Guess who is one of the biggest employers of minimum-wage employees? Your own federal government. After years of “privatization” and outsourcing, the government now contracts out a lot of work to companies that pay really, really low wages for jobs that when they were “government jobs” used to provide good pay and benefits. And this means that a lot of people – between 1 and 2 million – have to live in poverty. Now there are reports that President Obama is considering doing something about that.
An August, 2013 New York Times editorial, “The Government as a Low-Wage Employer,” explained the problem:
Recent studies have shown how hundreds of billions of dollars in federal contracts, grants, loans, concessions and property leases currently flow to companies that pay low wages and provide few if any benefits, even as executive pay among federal contractors has risen. In effect, tax dollars are being used to fuel the low-wage economy and, in the process, worsen inequality.
The links in that paragraph point to a National Employment Law Project (NELP) report, “Taking the Low Road: How the Federal Government Promotes Poverty-Wage Jobs Through its Contracting Practices, A Survey of Workers and Their Stories” and Demos study, “Underwriting Bad Jobs: How Our Tax Dollars Are Funding Low-Wage Work and Fueling Inequality.”
Republicans are engaged in yet more hostage-taking obstruction. (Whatever gave them the idea that hostage-taking can work?) They are engaged in a filibuster of the effort to extend unemployment insurance, using it as a hostage to try to get even more cuts to the things government does to make our lives better. Their “pay-for” demand is really a demand for Democrats to agree to even more economic sabotage.
Senate Republicans Monday continued to fight Democratic efforts to pass an extension of federal unemployment insurance benefits for people who have been out of work longer than 26 weeks. Traditionally our government has provided this assistance to unemployed workers at times of high unemployment. This is an “automatic stabilizer,” meaning that this assistance helps stop the downward spirals that occur when business hit recession. Unemployed workers aren’t forced to pull back from paying mortgages or rent, or buying food and other basic needs, which then causes even more unemployment.
Many feel this economic stabilization effect is the reason Republican oppose the extension. They suspect Republicans want the loss of this assistance to cause more layoffs, foreclosures and economic hardship. This way the economy looks worse as the 2014 elections approach, and voters will turn on what they perceive as the “party in charge” – namely the Democrats.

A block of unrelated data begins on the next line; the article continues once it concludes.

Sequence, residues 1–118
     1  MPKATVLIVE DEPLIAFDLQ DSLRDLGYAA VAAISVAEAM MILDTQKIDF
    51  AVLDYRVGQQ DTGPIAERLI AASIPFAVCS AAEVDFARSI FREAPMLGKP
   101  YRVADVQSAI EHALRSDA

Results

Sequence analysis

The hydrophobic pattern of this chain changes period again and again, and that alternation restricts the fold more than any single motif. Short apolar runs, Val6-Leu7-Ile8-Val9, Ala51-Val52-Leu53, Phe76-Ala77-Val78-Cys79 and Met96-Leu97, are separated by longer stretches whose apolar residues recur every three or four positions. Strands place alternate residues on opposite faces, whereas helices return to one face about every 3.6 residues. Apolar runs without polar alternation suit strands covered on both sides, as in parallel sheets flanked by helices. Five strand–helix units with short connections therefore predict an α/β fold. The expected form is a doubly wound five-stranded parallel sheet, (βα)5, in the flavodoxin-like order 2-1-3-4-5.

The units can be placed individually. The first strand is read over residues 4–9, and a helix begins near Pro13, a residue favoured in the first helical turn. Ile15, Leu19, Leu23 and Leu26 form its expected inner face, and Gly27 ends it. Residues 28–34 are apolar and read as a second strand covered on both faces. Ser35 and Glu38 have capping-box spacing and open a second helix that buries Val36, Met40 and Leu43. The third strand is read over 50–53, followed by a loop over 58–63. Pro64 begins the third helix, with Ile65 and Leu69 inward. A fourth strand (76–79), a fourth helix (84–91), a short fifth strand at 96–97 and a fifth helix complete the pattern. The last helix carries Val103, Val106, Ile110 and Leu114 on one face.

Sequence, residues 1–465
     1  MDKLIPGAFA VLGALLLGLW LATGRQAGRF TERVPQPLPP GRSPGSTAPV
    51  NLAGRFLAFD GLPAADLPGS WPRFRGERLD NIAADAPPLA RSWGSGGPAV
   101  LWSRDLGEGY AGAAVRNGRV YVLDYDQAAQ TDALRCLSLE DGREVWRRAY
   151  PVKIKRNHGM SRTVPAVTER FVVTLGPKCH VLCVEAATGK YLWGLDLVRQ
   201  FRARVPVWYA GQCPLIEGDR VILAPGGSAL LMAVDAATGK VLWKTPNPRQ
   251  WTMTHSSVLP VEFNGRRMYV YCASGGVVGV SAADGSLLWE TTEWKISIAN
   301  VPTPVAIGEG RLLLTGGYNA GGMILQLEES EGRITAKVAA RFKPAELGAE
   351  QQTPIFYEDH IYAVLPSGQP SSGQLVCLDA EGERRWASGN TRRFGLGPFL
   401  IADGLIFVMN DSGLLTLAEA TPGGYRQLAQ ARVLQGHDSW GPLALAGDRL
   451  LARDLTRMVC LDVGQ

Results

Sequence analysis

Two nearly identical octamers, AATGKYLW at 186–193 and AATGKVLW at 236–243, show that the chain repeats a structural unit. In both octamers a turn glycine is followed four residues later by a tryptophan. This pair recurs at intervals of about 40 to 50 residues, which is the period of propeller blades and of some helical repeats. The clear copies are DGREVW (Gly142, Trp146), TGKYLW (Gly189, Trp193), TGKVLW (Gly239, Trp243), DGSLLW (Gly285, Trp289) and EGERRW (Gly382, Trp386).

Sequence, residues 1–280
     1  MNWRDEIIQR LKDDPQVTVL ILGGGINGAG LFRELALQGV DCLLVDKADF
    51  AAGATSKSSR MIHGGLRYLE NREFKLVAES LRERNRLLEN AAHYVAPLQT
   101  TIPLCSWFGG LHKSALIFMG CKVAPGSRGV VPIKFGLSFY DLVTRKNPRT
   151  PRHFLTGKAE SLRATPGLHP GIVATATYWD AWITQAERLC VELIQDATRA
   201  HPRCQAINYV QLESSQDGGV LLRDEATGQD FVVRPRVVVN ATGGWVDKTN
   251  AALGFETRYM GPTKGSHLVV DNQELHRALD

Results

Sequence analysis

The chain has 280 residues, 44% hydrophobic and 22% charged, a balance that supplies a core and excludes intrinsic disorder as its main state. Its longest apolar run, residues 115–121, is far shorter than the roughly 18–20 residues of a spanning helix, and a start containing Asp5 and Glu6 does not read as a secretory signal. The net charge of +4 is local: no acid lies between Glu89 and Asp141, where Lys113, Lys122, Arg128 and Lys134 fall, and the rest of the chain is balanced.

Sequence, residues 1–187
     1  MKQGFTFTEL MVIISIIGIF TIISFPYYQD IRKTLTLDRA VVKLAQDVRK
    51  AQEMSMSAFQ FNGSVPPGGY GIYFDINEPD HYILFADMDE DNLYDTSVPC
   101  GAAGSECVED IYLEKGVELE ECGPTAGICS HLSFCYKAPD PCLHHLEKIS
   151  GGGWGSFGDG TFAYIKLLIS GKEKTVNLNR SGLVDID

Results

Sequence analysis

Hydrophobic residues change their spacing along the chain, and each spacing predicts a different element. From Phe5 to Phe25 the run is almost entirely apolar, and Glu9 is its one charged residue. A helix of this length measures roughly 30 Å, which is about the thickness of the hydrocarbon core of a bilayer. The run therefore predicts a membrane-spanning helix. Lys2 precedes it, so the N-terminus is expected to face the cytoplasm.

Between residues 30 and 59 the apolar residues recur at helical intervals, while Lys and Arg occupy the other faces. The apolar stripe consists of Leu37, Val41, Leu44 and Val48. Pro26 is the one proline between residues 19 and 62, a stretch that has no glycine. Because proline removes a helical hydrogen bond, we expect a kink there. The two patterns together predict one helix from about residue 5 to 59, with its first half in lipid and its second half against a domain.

By requiring “pay-fors” – cuts somewhere else – in exchange for allowing this assistance to the unemployed, they are removing the economic boost that the program provides, causing damage to the economy. In other words: they are engaged in economic sabotage.
One such proposal from Republicans is to stop working people with disabilities from claiming both Social Security Disability Insurance and federal unemployment benefits. Cutting this really means preventing people with disabilities from taking the risk of going out and working to see if they can get off of disability. Michael Hiltzik writes about this at the Los Angeles Times in “An awful idea: Hammer the disabled to pay for unemployment benefits”:
It uniquely burdens the disabled among all workers, and it sets a terrible precedent of raiding Social Security to pay for other social programs.
… The idea that disabled persons are “double-dipping” by collecting wages or other compensation while also getting a disability check is enshrined in conservative attacks on disability. But it’s untrue. The Social Security disability program is designed as a bridge to full employment. Its benefits aren’t intended as a substitute for wages, but a supplement.
Michael Tomasky writes about the hostage-taking involved here in “The Fight Over Unemployment Benefits Underscores the Right’s Extremism” at The Daily Beast:
Republicans are insisting on cuts from elsewhere in the federal budget to pay for the benefits’ $6.4 billion cost. And Democrats are talking with them. But there’s no progress yet. In fact, it seems today that even the six Republicans who voted in the Senate last week to allow debate to proceed would not vote to extend the benefits just yet.
[. . .] if Democrats win, great. But it looks like they’ll only win by agreeing to the pay-for demand, which means that there’ll be new demands next time. There’s no end to how far right these people will go.
Richard Eskow (who really should have a column in the New York Times) writes about the economic sabotage of “pay for” in “No, Congress, You Shouldn’t “Pay For” Extending Unemployment Insurance”: